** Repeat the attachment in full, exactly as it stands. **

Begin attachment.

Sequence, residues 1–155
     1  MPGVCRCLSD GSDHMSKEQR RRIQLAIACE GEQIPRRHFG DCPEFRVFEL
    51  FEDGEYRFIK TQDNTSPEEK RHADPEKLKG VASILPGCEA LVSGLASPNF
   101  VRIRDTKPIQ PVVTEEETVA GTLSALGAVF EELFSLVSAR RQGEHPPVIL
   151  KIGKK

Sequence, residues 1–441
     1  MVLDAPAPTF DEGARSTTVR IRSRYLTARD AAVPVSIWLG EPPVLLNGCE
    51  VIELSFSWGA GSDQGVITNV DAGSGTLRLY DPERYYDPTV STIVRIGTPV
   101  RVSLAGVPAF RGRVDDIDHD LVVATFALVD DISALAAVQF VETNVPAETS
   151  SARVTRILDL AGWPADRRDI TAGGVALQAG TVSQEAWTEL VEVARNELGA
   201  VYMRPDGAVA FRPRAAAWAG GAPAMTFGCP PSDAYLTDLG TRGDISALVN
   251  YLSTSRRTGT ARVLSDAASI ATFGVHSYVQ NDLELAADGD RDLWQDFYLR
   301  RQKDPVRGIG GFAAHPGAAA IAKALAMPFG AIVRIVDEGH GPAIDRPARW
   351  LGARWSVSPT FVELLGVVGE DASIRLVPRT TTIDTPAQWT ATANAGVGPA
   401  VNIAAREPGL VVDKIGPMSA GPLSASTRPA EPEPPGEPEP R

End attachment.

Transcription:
Sequence, residues 1–155
     1  MPGVCRCLSD GSDHMSKEQR RRIQLAIACE GEQIPRRHFG DCPEFRVFEL
    51  FEDGEYRFIK TQDNTSPEEK RHADPEKLKG VASILPGCEA LVSGLASPNF
   101  VRIRDTKPIQ PVVTEEETVA GTLSALGAVF EELFSLVSAR RQGEHPPVIL
   151  KIGKK

Sequence, residues 1–441
     1  MVLDAPAPTF DEGARSTTVR IRSRYLTARD AAVPVSIWLG EPPVLLNGCE
    51  VIELSFSWGA GSDQGVITNV DAGSGTLRLY DPERYYDPTV STIVRIGTPV
   101  RVSLAGVPAF RGRVDDIDHD LVVATFALVD DISALAAVQF VETNVPAETS
   151  SARVTRILDL AGWPADRRDI TAGGVALQAG TVSQEAWTEL VEVARNELGA
   201  VYMRPDGAVA FRPRAAAWAG GAPAMTFGCP PSDAYLTDLG TRGDISALVN
   251  YLSTSRRTGT ARVLSDAASI ATFGVHSYVQ NDLELAADGD RDLWQDFYLR
   301  RQKDPVRGIG GFAAHPGAAA IAKALAMPFG AIVRIVDEGH GPAIDRPARW
   351  LGARWSVSPT FVELLGVVGE DASIRLVPRT TTIDTPAQWT ATANAGVGPA
   401  VNIAAREPGL VVDKIGPMSA GPLSASTRPA EPEPPGEPEP R